Silly Sidney

Katie Griggs

Beginning Reading Lesson

 

Rationale:

In order to become better readers and decoders, children need to understand that letters represent vocal gestures or phonemes. In order to develop an understanding of words and letters children need to learn correspondences. This lesson will help students to identify the correspondence: i=/i/ (short i).   The lesson will develop the student's awareness of i=/i/, by giving them instruction and practice on how to form the short i sound, as well as, practice reading decodable text containing the short i sound. The students will receive instruction in the decoding of short o words, as well as, practice spelling the words themselves.

 

Materials:

o   Silly Sidney Puppet

o   Index cards with words on each one (lip, bit, dot, pin, tap, big, small, drip, grab, strap, strip)

o   Letterboxes with at least five squares per student (words: tin, bill, hint, slip, string)

o   Letters needed per student: t,i,n,b,l,l,h,s,p,r,g

o   The book, Tin Man Fix It, from phonics readers (one per student)

o   Pseudo Word Worksheet for teacher (kig, fim, dib, pas, crim, rith, chid, min, frit, sich).

o   Primary writing paper and pencil per student

 

Procedure:

1. "The written language is like a secret code. Today, we are going to be learning about how to break this code and read words. Let's review the phoneme we have already learned. Aaaa! Like a baby crying. Aaaaa. Very good! Today we are going to learn about the vowel sound we see and hear in silly and in Sidney. It is the /i/ sound.  We are going to see if we can find this sound in some words that we spell and words that we read."

2. "Have you ever been silly? This is my friend Silly Sidney!  She is very silly. She is going to help us today!  Can you hear the /i/ sound in the word silly?  Let’s think about our mouth movement when we say the /i/ sound.  Can we do it together? /iiiiiiii/.  Now lets act like we are silly and make the /i/ sound as we act silly. (laugh, giggle)

3. "Let's say this sentence together, ‘Silly Sidney skipped to sit with the kid.’  Let's say it again and stretch out the /i/ sound whenever we hear it.  Watch Silly Sidney if you need some help!  Siiilly Siiid skiiipped to siiit wiiith the kiiid."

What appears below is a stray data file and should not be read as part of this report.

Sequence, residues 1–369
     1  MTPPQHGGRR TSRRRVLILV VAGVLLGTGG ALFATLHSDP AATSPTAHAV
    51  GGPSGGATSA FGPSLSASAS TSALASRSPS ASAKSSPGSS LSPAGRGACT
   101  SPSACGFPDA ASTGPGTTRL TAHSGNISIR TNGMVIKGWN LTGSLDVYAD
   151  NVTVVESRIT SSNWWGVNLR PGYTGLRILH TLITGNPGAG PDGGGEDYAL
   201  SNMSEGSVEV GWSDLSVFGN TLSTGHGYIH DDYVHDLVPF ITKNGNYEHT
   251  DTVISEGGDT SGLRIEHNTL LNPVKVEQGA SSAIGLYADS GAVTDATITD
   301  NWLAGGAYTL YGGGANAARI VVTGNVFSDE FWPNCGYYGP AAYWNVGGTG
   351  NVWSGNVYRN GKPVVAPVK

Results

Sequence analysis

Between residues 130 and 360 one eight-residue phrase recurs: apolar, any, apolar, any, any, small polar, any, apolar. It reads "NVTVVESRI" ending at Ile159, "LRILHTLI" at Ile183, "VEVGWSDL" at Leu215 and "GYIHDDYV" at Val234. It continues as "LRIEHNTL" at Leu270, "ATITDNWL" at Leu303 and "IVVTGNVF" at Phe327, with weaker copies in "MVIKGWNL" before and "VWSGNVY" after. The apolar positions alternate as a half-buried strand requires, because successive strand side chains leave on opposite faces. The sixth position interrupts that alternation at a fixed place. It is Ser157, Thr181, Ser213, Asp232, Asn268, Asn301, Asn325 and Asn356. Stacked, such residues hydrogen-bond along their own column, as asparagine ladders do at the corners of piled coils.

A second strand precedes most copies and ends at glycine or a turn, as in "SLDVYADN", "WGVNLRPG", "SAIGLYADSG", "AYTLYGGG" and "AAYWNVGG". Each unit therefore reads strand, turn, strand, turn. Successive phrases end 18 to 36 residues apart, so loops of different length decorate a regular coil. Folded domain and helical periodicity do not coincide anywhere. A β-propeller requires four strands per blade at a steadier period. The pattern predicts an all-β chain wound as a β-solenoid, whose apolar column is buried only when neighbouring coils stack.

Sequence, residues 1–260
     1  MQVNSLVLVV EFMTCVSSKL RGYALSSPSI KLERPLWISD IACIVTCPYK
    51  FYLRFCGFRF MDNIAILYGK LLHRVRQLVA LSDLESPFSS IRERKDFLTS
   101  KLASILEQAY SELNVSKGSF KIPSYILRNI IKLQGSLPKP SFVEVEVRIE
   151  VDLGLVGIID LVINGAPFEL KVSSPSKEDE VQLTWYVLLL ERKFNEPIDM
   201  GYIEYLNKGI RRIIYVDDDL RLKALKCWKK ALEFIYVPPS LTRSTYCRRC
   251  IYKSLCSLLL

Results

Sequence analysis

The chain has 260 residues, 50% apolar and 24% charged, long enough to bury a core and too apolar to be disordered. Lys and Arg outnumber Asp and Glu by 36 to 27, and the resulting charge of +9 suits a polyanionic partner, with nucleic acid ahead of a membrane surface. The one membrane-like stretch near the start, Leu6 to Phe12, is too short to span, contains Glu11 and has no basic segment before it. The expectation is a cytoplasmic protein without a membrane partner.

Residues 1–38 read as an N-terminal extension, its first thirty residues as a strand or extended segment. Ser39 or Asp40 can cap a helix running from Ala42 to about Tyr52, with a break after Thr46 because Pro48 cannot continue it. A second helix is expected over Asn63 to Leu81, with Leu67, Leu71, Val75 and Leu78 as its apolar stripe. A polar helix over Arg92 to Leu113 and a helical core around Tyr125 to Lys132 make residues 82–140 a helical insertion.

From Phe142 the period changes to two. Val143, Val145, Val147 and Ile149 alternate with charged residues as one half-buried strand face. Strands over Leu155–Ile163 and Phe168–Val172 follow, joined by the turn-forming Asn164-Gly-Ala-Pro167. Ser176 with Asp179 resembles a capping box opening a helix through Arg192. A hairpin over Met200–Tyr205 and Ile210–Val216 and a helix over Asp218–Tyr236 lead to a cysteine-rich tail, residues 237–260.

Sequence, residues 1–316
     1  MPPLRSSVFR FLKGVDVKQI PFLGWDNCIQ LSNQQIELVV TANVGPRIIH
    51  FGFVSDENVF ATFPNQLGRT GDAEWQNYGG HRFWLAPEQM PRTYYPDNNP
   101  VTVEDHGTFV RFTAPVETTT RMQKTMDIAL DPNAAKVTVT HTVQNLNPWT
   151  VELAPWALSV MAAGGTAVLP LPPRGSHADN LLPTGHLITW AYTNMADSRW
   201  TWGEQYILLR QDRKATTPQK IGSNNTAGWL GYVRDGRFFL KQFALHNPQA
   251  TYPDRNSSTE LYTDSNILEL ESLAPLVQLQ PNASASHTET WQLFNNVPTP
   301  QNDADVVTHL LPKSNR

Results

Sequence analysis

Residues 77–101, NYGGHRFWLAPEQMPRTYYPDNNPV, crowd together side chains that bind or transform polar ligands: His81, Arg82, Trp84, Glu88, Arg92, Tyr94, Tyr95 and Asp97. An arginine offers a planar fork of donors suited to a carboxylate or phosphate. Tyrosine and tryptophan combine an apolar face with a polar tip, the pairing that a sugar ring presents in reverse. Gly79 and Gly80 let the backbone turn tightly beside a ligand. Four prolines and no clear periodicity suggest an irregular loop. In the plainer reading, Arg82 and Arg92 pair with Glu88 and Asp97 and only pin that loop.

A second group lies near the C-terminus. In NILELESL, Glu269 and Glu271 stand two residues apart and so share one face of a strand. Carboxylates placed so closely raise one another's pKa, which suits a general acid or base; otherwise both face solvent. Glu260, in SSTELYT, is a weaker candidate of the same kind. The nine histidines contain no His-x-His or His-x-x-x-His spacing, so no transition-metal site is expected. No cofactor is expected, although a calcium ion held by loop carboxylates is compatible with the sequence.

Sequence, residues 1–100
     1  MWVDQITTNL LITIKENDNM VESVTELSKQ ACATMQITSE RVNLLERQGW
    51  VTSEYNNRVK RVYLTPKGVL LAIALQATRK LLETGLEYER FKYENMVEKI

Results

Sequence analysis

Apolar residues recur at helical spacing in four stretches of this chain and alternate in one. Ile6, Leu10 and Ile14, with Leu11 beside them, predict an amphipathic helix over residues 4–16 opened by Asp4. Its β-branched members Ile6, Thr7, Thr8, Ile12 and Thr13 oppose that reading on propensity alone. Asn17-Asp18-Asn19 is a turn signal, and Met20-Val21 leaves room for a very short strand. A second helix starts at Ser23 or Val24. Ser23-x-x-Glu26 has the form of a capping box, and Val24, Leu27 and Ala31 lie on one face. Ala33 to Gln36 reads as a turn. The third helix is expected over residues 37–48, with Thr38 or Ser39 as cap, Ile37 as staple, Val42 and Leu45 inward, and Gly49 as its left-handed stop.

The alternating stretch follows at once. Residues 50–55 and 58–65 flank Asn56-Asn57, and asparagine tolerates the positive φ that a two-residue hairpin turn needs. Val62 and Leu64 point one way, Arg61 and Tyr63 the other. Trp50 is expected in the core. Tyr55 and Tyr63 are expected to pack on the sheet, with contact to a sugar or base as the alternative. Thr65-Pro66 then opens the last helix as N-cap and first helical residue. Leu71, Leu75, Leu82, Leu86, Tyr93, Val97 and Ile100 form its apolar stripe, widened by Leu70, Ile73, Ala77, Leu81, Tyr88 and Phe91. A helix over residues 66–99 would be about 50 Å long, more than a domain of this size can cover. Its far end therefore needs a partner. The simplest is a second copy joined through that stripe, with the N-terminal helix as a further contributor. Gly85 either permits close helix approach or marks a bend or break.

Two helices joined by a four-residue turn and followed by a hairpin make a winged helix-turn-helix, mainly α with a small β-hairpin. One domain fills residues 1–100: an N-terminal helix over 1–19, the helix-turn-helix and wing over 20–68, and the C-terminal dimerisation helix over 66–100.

4. "Now I am going to see if you can remember the /i/ sound when you see it in written words.  I'm going to hold up two cards with a word on each of them. I want you to tell me which one has the /i/ sound."  Hold up cards bit and bat.  "Which one has the /i/ sound? Bit! Good!" Do this with the rest of the cards. (lip, dot, pin, tap, big, small, drip, grab, strap, strip)

 5."Now we are going to use letterboxes to spell some words.  Make sure and remember that only one mouth sound goes in each box."  I will model how to do it by putting each letter sound in one box to spell out the word and then have the students do their own as I say each word. When I say /t/ /i/ /n/ each sound/letter goes in one letterbox. (words: tin, bill, hint, slip, string)

 6. "Now we are going to work on recognizing the /i/ sound when we read.  We are going to read the book, Tim and the Top. Let me tell you a little about this book!

Book Talk: Meet Tim the tin man and Jim the fix it man. Oh, and here comes Silly Sid!  Sid hit Tim, and he is broken! Can Jim fix him? Let's read to find out! You are going to read the book on your own first, and when you finish reading it on your own, I will give you a partner and you all will read it to each other.”

Assessment: To see how my students have learned, I will give them an individual pseudo words test at my desk when they have finished buddy reading the book with their partner.

 

Pseudo Word Test- (kig, fim, dib, pas, crim, rith, chid, min, frit, sich)

 

Resources: Ansley Salter, Tiiicklish Tiiimmy, http://www.auburn.edu/academic/education/reading_genie/realizations/salterbr.htm

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